“No, Abbey,” I replied. “Maria has already been transferred to the women’s prison in northeastern Wisconsin. That’s where she’ll serve her 13-year sentence for killing her little boy.”

“I’m sorry you didn’t get to see her again, Mom.”

“Even though I won’t be seeing her every month like I have for the last couple years, I won’t forget about her. And, like you suggested last week, Abbey, we can keep praying for her.”

“That’s right, Mom. I’m sure going to keep praying for her. I want God to keep her safe, and help her remember how much she is loved, and help her be an example of God’s presence in prison.”

“You know, Abbey, lots of people are praying for Maria. After last week’s blog post, several people responded on the blog saying they will pray for her. Others told me on Facebook, and some sent me emails. I told the chaplain in jail about all the people who are praying for Maria. The chaplain said she has printed out the blog along with the reader comments and she is going to mail it to Maria in prison. She expects Maria will be quite encouraged when she reads the blog and the comments.”

“That’s good. I hope she gets it soon. I bet the first few days in prison are especially hard for her. She is completely surrounded by strangers – the people she will live with for many years. I wonder if any of them will be friendly – like most of us dogs are.”

“I’m afraid I don’t know, Abbey. But that’s something else we can pray for – that she’ll make some good friends quickly. That reminds me, Abbey. I just finished reading a book entitled 10 Prayers You Can’t Live Without, and subtitled, How to Talk to God about Anything.  It was written by Rick Hamlin and was published this year by Guideposts in New York. It’s a wonderful book!”

“Oh, how I wish I could read. You talk about so many good books, Mom. Tell me about this one.”

“Well, there’s a separate chapter for each of the 10 prayers. The chapters are:10 Prayers

  1. Pray at Mealtime
  2. Prayer as Conversation
  3. Pray for Others
  4. Praying the Lord’s Prayer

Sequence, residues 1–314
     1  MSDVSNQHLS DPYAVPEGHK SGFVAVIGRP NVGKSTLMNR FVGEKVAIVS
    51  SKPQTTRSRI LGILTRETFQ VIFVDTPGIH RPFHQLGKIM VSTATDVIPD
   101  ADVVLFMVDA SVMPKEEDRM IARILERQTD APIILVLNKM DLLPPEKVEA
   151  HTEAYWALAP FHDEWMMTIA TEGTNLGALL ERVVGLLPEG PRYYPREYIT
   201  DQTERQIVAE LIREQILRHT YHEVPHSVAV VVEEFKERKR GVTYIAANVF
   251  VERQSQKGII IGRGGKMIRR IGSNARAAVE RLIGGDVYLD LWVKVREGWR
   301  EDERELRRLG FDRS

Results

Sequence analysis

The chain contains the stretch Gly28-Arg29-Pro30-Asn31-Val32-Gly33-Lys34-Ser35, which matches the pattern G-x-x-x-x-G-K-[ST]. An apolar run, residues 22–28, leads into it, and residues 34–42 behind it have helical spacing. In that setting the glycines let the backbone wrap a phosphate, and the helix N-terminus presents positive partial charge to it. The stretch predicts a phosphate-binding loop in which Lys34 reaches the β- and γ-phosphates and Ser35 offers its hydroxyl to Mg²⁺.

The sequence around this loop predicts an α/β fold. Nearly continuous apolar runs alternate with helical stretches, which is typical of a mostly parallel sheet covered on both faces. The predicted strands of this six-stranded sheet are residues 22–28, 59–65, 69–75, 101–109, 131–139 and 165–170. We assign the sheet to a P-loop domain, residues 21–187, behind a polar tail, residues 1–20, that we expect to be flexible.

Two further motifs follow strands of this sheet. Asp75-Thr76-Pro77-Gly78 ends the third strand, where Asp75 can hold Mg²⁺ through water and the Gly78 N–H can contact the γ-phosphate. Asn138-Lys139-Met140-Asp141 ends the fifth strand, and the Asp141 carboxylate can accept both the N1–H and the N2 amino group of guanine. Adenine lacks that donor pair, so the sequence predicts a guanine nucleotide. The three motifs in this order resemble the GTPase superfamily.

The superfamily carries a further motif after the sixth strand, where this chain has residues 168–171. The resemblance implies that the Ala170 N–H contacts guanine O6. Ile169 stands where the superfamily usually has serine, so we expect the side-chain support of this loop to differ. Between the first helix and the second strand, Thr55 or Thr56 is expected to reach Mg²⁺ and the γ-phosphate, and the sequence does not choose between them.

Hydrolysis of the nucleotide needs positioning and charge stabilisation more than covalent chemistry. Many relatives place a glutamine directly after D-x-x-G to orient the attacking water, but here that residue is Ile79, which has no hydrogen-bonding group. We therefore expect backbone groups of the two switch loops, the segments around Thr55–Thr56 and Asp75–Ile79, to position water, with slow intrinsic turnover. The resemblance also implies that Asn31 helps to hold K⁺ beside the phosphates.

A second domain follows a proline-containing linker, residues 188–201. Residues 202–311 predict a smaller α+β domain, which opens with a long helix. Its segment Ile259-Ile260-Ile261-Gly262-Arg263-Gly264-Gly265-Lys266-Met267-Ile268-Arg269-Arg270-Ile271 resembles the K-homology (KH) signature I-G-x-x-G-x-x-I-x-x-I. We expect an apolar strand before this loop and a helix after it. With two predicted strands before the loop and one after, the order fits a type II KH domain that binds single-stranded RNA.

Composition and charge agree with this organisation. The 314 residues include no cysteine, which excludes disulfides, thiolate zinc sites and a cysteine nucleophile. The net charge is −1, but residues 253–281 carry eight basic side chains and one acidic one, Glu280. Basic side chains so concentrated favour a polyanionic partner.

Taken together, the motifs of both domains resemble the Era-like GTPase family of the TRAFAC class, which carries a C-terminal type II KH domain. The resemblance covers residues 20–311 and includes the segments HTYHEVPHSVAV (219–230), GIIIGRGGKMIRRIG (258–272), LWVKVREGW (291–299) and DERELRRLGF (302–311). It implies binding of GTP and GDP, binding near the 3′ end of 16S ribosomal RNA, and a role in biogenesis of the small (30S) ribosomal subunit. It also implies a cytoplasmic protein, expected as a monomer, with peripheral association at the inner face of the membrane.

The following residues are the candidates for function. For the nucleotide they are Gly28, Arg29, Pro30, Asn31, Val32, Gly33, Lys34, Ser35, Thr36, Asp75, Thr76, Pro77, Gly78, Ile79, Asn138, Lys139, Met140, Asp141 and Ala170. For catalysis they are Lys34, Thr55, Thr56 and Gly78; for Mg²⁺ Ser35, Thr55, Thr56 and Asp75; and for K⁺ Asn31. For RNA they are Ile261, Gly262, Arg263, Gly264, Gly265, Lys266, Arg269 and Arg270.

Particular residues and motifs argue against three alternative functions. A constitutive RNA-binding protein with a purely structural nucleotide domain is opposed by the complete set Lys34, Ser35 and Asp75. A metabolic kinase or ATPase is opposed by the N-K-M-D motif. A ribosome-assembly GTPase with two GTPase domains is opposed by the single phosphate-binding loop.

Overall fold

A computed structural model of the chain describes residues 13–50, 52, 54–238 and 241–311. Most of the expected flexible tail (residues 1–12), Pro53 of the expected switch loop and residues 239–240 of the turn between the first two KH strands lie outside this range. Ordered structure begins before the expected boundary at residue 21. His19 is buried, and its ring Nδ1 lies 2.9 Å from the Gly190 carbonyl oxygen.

5. Praying for Forgiveness
  6. Pray through a Crisis
  7. Sing Your Prayer
  8. A Classic Prayer to Focus Your Thoughts
  9. Pray in Thanksgiving at All Times
  10. Pray Yes

“Each chapter is filled with stories from the author’s life or from other people’s lives about why or when that particular kind of prayer was extra important for them.”

“I bet that book was fun to read with all those personal stories.”

“It sure was, Abbey. It was very inspiring. Now that you and I are talking about praying for Maria, the chapter on praying for others (chapter 3) is very relevant. I’m sure God cares about Maria whether we pray for her, or not. But you know what really happens, Abbey, when we pray for someone? Listen to what Hamlin said in the middle of that chapter:

Prayer expands your world. You learn to care about people you would never have known otherwise, and you find out what makes them tick. You grow in your ability to love…[p. 53]

“We ourselves benefit, Abbey, by praying for others. And the person we pray for benefits, too. Later in this chapter the author talks about Bob and Lee Woodruff. Bob was the ABC News anchor who was seriously injured in the Iraq war.

You don’t go through something like that without being changed. For Lee she gained a new understanding of the power of prayer. When she was weak, when she was struggling, when she feared she was at the end of her rope, others were thoughtful enough to pray for her. They covered for her. They gave her strength. [p. 66]

“Wow! I get it, Mom. Just think of how Maria must feel if she knows that all of us care about her enough to pray for her. That must make her feel good, even though she knows she has many years of rough times ahead of her.”

“I think you’re right, Abbey.”

“Let’s see, God wants me to pray for others. That kind of prayer is a benefit to the person prayed for and it’s a benefit to me, too. Will you tell me about some of the other kinds of prayers in that book sometime?”

“I’ll try, Abbey. But meanwhile, we have a perfect opportunity to practice this kind of prayer by praying for Maria.”

“That’s true, Mom. AND, I can think of some other people I want to pray for, too. I’m going to start right now …”

Abbey eyes closed-praying